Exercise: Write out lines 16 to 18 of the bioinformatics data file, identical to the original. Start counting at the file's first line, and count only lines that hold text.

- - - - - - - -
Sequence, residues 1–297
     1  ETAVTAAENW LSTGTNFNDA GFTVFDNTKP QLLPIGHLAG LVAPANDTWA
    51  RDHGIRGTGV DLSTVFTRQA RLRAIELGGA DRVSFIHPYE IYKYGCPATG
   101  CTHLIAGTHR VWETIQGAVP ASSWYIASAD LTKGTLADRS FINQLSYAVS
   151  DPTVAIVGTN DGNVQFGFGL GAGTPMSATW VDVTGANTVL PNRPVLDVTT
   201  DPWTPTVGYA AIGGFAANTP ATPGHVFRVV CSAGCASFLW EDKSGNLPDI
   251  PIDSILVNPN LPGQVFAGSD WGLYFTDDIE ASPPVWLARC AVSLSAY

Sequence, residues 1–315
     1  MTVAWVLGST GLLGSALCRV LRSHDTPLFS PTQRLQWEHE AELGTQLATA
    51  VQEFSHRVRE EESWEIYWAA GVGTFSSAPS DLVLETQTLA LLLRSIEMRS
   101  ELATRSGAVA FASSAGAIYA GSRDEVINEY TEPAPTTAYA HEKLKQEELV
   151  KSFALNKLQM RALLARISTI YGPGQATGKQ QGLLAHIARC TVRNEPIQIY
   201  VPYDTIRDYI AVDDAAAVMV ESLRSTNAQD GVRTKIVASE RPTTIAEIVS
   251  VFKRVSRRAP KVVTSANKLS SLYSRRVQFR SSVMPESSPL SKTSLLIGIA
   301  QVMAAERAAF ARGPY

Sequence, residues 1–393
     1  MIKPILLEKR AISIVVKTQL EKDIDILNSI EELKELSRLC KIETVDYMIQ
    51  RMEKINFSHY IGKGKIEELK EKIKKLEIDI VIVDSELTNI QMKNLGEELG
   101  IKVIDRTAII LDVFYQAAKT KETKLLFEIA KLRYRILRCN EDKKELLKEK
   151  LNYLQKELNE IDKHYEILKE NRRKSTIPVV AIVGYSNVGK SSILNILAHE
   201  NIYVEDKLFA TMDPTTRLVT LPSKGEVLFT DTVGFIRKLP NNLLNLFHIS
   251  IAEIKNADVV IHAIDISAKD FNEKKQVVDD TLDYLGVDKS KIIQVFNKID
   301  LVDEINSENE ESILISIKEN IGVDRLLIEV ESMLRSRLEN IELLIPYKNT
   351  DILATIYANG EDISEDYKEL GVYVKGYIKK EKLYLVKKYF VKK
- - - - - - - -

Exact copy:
Sequence, residues 1–393
     1  MIKPILLEKR AISIVVKTQL EKDIDILNSI EELKELSRLC KIETVDYMIQ
    51  RMEKINFSHY IGKGKIEELK EKIKKLEIDI VIVDSELTNI QMKNLGEELG